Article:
St Olave Jewry

Another in the series on historic churches in the City of London …

By the time of the Great Fire of London in 1666, there were over a hundred parish churches and other places of Christian worship within and immediately without the walls of  the City, despite a number having been closed down during the Reformation. To be precise, according to  Parish Clerks’ records, there were 97 churches within the walls of the City, and 16 without, making a total of 113. 

St Olave Jewry, so named for its situation in the old Jewish quarter, essentially of the twelfth to thirteenth centuries, was probably originally built sometime in the  eleventh, at which time it appears to have been known as St Olave Upwell. It was added to in the fourteenth and fifteenth centuries.  In his “Survey of London” of 1598, Stow described it as “a proper parish church”, and added that “in this church, … the monuments of the dead remain less defaced than in many others”. The monuments included those of “T. Morsted, esquire, chirurgeon to Henry IV., V. and VI., one of the sheriffs 1436 – he built a fair aisle to the enlargement of this church, on the north side thereof, wherein he lieth buried”, “Robert Large, mercer. mayor 1440 – he gave to that church two hundred pounds”, and “Giles Dewes, servant to Henry VII. and to Henry VIII., clerk of their libraries and schoolmaster for the French tongue to Prince Arthur [Henry VIII’s elder brother] and to the Lady Mary, 1535”.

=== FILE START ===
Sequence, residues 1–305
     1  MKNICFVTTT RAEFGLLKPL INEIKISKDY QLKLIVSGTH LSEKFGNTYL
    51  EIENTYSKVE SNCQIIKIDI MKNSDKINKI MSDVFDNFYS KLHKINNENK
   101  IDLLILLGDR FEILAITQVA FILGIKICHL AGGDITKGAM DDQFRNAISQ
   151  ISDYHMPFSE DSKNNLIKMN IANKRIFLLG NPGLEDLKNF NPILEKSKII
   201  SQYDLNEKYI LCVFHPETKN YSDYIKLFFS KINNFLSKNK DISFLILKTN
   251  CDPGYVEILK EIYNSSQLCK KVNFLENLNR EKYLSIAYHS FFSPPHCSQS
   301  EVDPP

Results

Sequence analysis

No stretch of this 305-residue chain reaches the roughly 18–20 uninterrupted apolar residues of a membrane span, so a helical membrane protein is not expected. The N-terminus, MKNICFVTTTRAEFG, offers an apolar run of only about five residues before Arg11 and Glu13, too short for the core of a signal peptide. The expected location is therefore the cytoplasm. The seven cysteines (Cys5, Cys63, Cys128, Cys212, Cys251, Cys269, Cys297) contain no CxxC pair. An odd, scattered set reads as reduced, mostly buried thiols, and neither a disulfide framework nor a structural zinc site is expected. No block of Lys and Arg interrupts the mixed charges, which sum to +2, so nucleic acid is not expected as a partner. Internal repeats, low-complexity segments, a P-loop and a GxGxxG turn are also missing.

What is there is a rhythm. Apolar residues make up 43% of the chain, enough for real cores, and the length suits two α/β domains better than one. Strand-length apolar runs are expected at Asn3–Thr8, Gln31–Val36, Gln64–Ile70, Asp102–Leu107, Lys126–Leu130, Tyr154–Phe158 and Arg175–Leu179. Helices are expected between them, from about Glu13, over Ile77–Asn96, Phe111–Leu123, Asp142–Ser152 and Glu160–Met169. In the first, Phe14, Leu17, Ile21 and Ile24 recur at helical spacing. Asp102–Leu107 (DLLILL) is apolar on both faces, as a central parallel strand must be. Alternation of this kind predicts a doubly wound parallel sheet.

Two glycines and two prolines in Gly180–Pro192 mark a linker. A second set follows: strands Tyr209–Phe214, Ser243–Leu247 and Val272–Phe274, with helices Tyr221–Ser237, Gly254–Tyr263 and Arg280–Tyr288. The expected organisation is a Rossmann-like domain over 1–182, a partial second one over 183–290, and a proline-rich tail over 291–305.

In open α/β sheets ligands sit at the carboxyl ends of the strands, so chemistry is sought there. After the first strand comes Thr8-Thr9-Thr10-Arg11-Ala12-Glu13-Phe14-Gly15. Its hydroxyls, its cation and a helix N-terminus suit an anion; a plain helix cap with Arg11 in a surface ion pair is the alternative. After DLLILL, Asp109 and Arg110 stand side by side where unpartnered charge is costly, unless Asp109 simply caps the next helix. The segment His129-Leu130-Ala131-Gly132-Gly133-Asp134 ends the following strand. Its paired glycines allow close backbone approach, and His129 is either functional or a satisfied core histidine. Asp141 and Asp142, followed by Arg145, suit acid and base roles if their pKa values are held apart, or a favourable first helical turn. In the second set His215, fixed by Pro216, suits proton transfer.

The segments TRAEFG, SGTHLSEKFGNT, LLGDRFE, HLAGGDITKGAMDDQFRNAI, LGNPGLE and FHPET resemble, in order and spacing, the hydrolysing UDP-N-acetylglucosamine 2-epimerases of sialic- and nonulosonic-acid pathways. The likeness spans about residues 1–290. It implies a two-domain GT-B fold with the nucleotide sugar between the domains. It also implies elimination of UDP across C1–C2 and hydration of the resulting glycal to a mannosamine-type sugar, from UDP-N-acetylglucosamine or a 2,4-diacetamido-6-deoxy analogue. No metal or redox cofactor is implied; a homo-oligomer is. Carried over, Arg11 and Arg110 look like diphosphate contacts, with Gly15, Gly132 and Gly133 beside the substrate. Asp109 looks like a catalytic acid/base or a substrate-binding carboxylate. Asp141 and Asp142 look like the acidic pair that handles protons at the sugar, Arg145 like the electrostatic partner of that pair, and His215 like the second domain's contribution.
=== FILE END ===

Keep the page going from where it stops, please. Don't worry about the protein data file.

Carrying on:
The church was burned down in the Great Fire of 1666, and subsequently rebuilt by  Wren between 1670-9. 

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It was substantially demolished sometime between 1887 and 1892 (sources differ), when the parish was merged with St Margaret Lothbury. The tower still stands, although modified from its original form in  1892 and again in 1986-7, and now serving as an office.  The topping weather-vane in the shape of a ship was salvaged from St Mildred Poultry. 

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